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WASHINGTON (FinalCall.com) – Great danger lies ahead for Africa in the future, according to leaders of TransAfrica, one of this country’s oldest and most influential Africa-interest organizations.
In the face of the AIDS pandemic, wars, famine and drought, it is possible that the African continent and Black people around the world have become targets of a genocide conspiracy by Europeans, said folk singer Harry Belafonte and Bill Fletcher, president of TransAfrica, to reporters Dec. 8.
“This administration truly believes that the world breaks down into right-or-wrong, and right is their way and wrong is any other way,” said Mr. Fletcher.
“When you have that type of intense, ideologically driven arrogance, the future of the planet is really at stake,” Mr. Fletcher warned.
“Much has been written and much has yet to be written about the decolonization in Africa,” TransAfrica Board member Harry Belafonte said. Most of the nations of Africa have become independent, but once the colonizers left the continent, what they left behind was their continuing control of the economy and their continuing control of the governance of those countries, said Mr. Belafonte, in response to a question from The Final Call.
“Whenever nations grew and came to a position where they would be independent or not in harmony with what (the U.S.) thought the policy should be, we would then move to dismantle, overthrow and feed into the destabilization of (those) nations on the continent of Africa,” he added.
When the first African nations won their independence, they created the OAU, the Organization of African Unity. In the early days of the OAU, Mr. Belafonte said, the Cold War got in the way of African development. “Between the KGB and the CIA using Africa as a playground, very little of what was set as the hopes and the goals of Africa to achieve ever had a chance to see the light of day.”
The new group of 21st Century African leaders dissolved the OAU to form the African Union (AU). Their goal was to find new ways to deal with old issues. These newly independent nations have begun to move more independently from the old U.S. ideas that were never fulfilled, said the successful singer and actor.
Another important new development that Mr. Belafonte cheers has been the decision by the AU’s leadership to find a serious place at the table for the voices of the African Diaspora.
The United States, he continued, has a large Black population, but Blacks in this country “somehow don’t have a voice in the affairs of Africa, because we come under a sovereign state. We are Americans and our government is primarily driven by people and institutions that are non-Africans.”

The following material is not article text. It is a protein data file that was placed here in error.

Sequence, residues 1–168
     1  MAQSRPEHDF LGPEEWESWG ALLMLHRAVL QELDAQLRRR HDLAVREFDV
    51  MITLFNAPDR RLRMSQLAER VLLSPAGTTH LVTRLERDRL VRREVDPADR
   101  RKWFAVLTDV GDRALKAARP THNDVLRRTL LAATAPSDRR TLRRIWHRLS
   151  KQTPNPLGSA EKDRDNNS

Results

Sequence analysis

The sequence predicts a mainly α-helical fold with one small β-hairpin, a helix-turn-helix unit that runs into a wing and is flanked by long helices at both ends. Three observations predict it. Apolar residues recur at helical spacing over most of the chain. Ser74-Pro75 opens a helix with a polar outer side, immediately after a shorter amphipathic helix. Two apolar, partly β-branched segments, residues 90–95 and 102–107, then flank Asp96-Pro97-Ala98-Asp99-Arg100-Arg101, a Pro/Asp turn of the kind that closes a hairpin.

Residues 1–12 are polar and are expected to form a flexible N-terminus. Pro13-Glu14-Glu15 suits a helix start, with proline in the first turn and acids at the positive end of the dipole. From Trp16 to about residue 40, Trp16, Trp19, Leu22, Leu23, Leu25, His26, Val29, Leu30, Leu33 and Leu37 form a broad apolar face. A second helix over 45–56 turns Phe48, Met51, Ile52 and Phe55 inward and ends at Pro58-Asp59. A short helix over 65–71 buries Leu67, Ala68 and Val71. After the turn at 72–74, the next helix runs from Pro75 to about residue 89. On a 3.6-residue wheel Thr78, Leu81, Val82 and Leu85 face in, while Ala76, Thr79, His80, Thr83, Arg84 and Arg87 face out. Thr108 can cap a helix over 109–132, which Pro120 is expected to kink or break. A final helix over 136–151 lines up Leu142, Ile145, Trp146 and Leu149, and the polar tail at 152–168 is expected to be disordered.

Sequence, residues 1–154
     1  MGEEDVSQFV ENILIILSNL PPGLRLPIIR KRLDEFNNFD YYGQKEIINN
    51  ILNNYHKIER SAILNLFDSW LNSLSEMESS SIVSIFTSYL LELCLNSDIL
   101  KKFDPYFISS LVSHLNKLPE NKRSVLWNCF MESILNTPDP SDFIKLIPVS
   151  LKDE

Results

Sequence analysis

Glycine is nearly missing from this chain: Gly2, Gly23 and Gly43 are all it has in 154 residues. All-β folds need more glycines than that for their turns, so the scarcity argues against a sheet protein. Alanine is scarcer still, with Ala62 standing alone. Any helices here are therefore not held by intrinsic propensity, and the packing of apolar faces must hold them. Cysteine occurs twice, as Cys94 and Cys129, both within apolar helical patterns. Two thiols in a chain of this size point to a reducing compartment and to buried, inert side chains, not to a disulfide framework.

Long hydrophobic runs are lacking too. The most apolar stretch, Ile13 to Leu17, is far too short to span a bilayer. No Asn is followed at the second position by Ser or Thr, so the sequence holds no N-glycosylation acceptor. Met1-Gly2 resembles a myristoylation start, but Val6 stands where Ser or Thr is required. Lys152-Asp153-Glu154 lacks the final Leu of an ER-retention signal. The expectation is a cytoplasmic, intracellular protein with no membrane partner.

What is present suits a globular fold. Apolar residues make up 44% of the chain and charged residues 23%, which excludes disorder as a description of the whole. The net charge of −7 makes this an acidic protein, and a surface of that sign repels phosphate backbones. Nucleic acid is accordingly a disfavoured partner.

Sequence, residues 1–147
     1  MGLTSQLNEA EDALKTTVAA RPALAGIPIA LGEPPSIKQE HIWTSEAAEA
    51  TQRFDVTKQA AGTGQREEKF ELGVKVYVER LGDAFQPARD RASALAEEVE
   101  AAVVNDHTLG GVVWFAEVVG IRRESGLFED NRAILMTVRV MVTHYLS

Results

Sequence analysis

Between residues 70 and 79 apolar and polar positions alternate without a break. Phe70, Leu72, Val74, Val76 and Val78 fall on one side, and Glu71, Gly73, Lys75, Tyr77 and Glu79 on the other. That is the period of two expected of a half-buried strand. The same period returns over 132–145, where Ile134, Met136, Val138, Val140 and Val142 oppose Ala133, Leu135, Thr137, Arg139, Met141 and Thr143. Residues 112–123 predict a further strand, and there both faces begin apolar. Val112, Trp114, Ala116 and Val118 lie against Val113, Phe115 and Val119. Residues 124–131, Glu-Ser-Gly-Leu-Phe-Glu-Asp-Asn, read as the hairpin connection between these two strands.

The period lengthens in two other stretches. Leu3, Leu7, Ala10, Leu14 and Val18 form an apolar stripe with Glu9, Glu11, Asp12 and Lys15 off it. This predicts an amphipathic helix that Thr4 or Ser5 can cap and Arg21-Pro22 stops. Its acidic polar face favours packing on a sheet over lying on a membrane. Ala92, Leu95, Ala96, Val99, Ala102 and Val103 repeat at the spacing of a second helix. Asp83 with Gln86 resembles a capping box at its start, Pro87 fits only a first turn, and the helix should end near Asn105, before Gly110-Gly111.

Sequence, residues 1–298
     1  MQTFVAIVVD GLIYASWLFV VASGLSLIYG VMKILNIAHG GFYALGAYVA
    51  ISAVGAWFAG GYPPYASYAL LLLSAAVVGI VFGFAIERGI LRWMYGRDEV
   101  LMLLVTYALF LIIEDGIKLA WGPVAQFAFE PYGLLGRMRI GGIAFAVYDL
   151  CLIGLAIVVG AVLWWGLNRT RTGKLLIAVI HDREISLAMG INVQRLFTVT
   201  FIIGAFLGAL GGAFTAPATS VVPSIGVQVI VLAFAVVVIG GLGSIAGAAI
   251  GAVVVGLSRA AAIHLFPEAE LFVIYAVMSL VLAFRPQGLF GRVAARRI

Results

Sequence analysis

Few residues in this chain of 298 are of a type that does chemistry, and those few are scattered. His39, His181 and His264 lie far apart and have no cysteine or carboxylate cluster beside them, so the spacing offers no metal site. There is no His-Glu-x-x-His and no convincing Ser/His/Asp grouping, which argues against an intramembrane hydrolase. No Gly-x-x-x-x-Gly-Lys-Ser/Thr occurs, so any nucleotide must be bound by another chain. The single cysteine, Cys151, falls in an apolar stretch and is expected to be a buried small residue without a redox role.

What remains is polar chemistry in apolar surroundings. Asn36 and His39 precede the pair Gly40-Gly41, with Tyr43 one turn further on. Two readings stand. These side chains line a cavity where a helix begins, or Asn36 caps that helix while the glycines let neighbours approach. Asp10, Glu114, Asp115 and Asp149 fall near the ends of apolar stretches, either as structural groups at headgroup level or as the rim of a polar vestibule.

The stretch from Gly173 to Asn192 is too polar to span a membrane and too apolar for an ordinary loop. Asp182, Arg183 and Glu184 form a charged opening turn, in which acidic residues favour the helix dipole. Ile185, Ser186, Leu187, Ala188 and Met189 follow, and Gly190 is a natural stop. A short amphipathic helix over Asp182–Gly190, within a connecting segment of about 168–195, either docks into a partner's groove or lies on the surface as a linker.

But a senior administration official defended U.S. policies in Africa, including the high visibility appointment of former Secretary of State James Baker as “Debt Ambassador” trying to get countries to forgive the debt of Iraq, while saying very little about African debt relief.
“The United States, under President Bush, has actually been very supportive of debt relief in the poorest countries. So, we are one of the participants in HIPC–highly indebted countries, and have been aggressive in that,” the official told Black reporters at the White House Dec. 9 in response to a question from The Final Call.
“We have, with all of these countries–and I hope it will be true with Iraq, too–when you start restructuring and relieving debt, you want to make sure you’re getting reforms that mean that you don’t just end up with another highly indebted situation 10 or 15 years down the road.”
President George W. Bush has had an “active Africa agenda, when you look at the AIDS initiative, when you look at the Millennium Challenge Account initiative, which will benefit Africa heavily, when you look at the efforts that he has made in the Democratic Republic of the Congo.
“You look at what we’ve done in Liberia, if you look at what is happening in Sudan, as my Russian friends used to say, it’s no accident, comrade. The President very early on set out to try to do something about the civil conflicts that are wrecking Africa, because debt relief is important, development assistance is important, AIDS relief is important. But as long as you have raging civil wars, none of it is going to have a real impact.
“So, we’ve had really a two-pronged strategy, which is to work on the development assistance side, the debt relief and AIDS, but also to work actively to try to end some of these persistent conflicts.
TransAfrica President Bill Fletcher agrees with Mr. Belafonte, however. “There’s something very ominous that has been happening over the last 15 years,” he warned, “not just in Africa, where we’re moving in a direction where global capital is less concerned about state structures, and more concerned about developing the equivalent of protectorates and treaty ports for the 21st Century.
“The example I would give is the lack of concern about Somalia by the United States,” Mr. Fletcher continued. “What has been important is making sure that oil operations in Somalia can continue. You have like an almost feudal arrangement where a company, as long as it can guarantee protection, which is largely through paying off warlords, or creating armies of mercenaries, they can continue their operations and are less concerned about the need for a state.
“My worry is that we’re going to see more and more of that in Africa,” said Mr. Fletcher. “Africa is being eaten away, much as the way scavengers pick over a carcass. We can see that, as other countries where multi-national corporations will be taking over sections of territories or industries themselves, there will be less concern about whether or not (an individual country) survives as a nation state, but more concern about whether or not the corporate interests there are protected. That is a great danger in our future.”